Hall of Fame or wall of shame?
L-R: Jakob Heine, Karl Medin, Ivar Wickman, Karl Landsteiner, Tom Rivers, Charles Armstrong,
John Paul, Albert Sabin, Tom Francis, Joseph Melnick, Isabel Morgan, Howard Howe,
David Bodian, John Enders, Jonas Salk, Franklin Roosevelt, Basil O'Connor.
The Polio Hall of Fame is a series of sculptures commissioned to celebrate the twentieth anniversary of the incorporation of the National Foundation for Infantile Paralysis in 1938. The installation is located at the Roosevelt Warm Springs Institute for Rehabilitation in Warm Springs, Georgia, USA. The Hall of Fame commemorates the contribution made by seventeen prominent individuals in the battle to defeat poliomyelitis. In 2008 four organisations, Rotary International, the World Health Organization, the U.S. Center for Disease Control, and UNICEF, were inducted to the Hall of Fame in recognition of their contribution to the elimination of polio in developing nations.
There can be no disputing the importance of the contribution of the individuals and organisations recognised in the Hall of Fame, but there can also be no excuse for the omission of Elizabeth Kenny from this august group. Prior to Kenny's campaign for the reform of treatment methods, medical science had endorsed the use of electricity, blistering, ice baths, injections of urotropin, encasement in plaster casts, nasal sprays, and the injection of human convalescent serum. All these therapies proved to be useless, some were plainly barbaric, and most were the scientific equivalent of witchcraft. The approach proposed by Elizabeth Kenny is still considered the most effective mode of treatment for the after effects of poliomyelitis and a range of paralysis inducing illnesses.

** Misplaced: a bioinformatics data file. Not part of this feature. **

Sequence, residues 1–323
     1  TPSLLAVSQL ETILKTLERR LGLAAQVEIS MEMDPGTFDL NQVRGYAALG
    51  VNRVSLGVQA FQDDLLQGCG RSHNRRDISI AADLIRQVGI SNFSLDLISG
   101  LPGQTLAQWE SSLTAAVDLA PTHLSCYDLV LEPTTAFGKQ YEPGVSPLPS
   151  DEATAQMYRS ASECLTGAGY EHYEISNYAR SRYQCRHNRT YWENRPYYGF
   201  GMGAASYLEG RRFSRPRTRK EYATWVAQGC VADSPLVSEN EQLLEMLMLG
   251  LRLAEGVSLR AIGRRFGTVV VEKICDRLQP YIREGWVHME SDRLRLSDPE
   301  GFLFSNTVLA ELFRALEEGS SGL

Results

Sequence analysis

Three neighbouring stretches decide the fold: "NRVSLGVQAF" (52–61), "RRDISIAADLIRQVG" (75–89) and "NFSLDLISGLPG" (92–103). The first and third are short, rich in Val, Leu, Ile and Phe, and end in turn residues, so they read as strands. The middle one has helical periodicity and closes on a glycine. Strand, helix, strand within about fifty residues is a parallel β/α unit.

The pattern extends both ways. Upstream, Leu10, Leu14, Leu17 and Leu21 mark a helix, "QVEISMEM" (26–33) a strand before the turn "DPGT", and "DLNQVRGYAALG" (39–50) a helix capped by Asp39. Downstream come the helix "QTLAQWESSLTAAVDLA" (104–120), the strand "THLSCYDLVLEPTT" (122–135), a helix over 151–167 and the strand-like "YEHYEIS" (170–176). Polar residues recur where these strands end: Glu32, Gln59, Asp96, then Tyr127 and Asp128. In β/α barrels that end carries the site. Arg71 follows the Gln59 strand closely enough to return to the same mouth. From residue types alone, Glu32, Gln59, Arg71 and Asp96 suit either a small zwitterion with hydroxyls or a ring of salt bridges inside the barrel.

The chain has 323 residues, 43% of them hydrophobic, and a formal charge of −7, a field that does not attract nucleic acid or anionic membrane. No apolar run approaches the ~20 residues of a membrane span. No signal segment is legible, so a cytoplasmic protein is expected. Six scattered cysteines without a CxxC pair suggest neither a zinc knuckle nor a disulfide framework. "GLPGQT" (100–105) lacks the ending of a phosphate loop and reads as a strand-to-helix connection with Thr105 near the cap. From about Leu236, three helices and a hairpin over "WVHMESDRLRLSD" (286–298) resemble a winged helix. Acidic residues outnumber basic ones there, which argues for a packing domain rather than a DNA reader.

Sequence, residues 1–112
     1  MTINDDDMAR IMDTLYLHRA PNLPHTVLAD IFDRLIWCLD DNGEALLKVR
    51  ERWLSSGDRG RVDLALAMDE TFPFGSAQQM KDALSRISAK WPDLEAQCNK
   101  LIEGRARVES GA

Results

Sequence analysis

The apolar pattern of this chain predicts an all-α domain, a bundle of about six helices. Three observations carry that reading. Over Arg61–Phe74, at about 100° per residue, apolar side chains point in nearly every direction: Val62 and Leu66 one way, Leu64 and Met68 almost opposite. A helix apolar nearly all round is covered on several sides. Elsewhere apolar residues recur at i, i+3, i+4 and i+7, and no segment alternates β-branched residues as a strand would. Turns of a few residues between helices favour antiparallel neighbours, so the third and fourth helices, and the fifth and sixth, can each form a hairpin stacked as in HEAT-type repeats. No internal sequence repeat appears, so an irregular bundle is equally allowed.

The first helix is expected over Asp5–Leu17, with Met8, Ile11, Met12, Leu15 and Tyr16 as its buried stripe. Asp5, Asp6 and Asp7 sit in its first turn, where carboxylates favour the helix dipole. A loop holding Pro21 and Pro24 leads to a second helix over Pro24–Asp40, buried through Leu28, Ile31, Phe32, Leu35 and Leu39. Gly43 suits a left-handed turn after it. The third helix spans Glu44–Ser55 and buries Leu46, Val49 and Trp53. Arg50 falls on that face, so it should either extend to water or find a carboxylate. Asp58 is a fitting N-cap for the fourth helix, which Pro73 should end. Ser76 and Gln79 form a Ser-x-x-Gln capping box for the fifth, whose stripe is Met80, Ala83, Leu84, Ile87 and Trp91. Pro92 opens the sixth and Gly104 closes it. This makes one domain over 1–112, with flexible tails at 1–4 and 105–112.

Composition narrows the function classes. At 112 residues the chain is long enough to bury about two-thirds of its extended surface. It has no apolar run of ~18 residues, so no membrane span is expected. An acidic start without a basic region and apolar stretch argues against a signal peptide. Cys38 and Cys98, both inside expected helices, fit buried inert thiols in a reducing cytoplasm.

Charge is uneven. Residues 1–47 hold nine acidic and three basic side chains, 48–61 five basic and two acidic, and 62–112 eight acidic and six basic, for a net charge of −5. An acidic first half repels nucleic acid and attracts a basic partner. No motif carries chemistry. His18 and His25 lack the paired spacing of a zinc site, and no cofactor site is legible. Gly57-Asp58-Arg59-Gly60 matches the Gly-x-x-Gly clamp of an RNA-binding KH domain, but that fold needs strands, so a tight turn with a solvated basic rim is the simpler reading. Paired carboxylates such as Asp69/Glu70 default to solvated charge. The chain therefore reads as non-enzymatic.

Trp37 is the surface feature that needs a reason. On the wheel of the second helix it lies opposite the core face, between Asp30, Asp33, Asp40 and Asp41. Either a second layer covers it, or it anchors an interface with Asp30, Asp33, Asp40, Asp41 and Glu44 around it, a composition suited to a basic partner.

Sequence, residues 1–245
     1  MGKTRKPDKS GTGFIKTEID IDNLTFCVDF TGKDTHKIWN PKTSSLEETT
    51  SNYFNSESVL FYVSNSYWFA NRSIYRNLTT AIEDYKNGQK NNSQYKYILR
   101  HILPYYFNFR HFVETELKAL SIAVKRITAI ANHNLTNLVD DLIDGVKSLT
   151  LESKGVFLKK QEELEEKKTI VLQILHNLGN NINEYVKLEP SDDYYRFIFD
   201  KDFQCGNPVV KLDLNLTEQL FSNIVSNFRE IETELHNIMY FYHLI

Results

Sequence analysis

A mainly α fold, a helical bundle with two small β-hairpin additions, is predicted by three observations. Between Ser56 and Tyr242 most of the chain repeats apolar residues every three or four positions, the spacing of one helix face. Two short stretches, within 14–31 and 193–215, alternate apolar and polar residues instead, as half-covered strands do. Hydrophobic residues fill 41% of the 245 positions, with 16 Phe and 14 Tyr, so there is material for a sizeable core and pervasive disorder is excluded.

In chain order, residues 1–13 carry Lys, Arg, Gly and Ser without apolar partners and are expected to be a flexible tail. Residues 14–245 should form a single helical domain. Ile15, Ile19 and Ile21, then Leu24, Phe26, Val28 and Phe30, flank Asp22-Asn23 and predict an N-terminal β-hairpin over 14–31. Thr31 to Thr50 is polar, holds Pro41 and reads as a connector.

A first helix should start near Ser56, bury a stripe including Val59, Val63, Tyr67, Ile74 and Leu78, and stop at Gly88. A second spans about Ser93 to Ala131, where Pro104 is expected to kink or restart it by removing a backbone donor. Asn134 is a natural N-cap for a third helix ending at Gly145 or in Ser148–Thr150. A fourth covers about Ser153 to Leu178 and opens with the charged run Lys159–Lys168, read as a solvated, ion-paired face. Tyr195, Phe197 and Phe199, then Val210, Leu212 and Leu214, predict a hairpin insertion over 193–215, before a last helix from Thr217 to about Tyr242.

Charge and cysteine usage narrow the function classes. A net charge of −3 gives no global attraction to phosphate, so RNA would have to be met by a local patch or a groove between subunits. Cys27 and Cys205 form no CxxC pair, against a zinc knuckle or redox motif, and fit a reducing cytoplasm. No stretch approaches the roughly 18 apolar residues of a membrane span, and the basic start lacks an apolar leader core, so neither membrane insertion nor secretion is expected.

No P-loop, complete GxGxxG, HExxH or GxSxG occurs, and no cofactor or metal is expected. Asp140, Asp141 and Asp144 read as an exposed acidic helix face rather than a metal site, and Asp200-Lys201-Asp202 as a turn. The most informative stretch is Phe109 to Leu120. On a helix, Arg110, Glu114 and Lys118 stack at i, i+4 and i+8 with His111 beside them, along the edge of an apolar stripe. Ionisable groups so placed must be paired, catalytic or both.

It is true that Elizabeth Kenny was guilty of incorporating the work of others in to her own without due recognition, but the same can be said of Jonas Salk. Few would deny him respect for his achievements simply on account of this human frailty. Kenny, like Salk, was admired by millions despite her flaws. Unfortunately, she also made many enemies, and prominent amongst them was Basil O'Connor, President of the National Foundation for Infantile Paralysis. Quite simply, Elizabeth Kenny's absence from the Hall of Fame is most probably the result of O'Connor's final shameful act of revenge against the woman he privately detested, but was compelled to publicly endorse for fear of losing public support for his fund raising activities.
O'Connor had the good fortune to outlive Elizabeth Kenny and witness the phenomenal impact of mass immunisation on the scourge of polio. History isn't just written by winners, it's also written by survivors. How different the Hall of Fame would be if the die had rolled in Kenny's favour.